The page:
It takes 5 years to get employment after school in Ghana – Research

Data available to the Ghana Statistical Service (GSS) indicate that currently in Ghana, it takes averagely five years to get a job after leaving school.

Anthony Amuzu-Pharin, the Director of Social and Demographic at GSS, however, said there is the need to have a stand-alone survey which would give them the luxury to ask all questions regarding jobs in Ghana.

“In 2015, we used a module called the ‘School to Work’ transition and that tries to measure employment. For instance, when you finish school, how long does it take you to get a decent job? We have a figure around 5 years; it means on average, it will take five years after leaving school to get a stable job.”

He made the staggering revelation on the Sunrise morning show on Monday, September 13.

The GSS also looked at other layers of the transitions from school to work including from Senior High School to employment and University to employment.

An estimated 100 students graduate from schools. Again, out of the 10,000 job seekers annually, only a fraction gets jobs.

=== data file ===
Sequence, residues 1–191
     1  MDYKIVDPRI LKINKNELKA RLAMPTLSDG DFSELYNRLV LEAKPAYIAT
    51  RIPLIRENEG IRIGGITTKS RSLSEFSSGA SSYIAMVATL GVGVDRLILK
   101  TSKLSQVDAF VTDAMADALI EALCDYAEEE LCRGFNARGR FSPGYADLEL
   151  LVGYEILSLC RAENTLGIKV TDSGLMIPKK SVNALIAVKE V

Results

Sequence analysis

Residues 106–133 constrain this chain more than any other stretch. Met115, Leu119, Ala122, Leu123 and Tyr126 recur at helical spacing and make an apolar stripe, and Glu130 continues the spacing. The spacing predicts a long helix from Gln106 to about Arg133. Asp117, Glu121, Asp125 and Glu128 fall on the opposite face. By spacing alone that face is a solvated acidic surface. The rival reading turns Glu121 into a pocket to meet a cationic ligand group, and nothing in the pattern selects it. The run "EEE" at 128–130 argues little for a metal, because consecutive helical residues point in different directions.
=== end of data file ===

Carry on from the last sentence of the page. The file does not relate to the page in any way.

The recent job fair organized by the Youth Employment Agency (YEA) advertised for 3,000 jobs with the promise to get instant job placements. But many questions are being asked about the sustainability and quality of the jobs being promised the graduates.

Contributing to a roundtable discussion on the morning show on 3FM, Prof. Amuzu said the survey defined stable job as: “A job that is satisfactory or a job that is stable and we defined stable as a job that can take you for the next six months. We measured that but we couldn’t publish it”.

Meanwhile, a Labour Economist and Senior Lecturer at the University of Ghana, Dr. Prscilla Twumasi Baffour, who also contributed to the discussion, said anything to sustain job creation should come from the private sector.

Beyond that, she noted, politicians are making promises which cannot be met.

According to her, government’s short-term measures including the Nations Builders’ Corps (NABCO) and other programmes, although are stop-gap measures, are unsustainable and rather create other problems since the jobs they do cannot be measured.

She stressed that absorbing them into the public sector rather increases the wage bill.

She prescribed a solution to look at the economy.

“If the productive sectors are working, jobs would be created naturally.”



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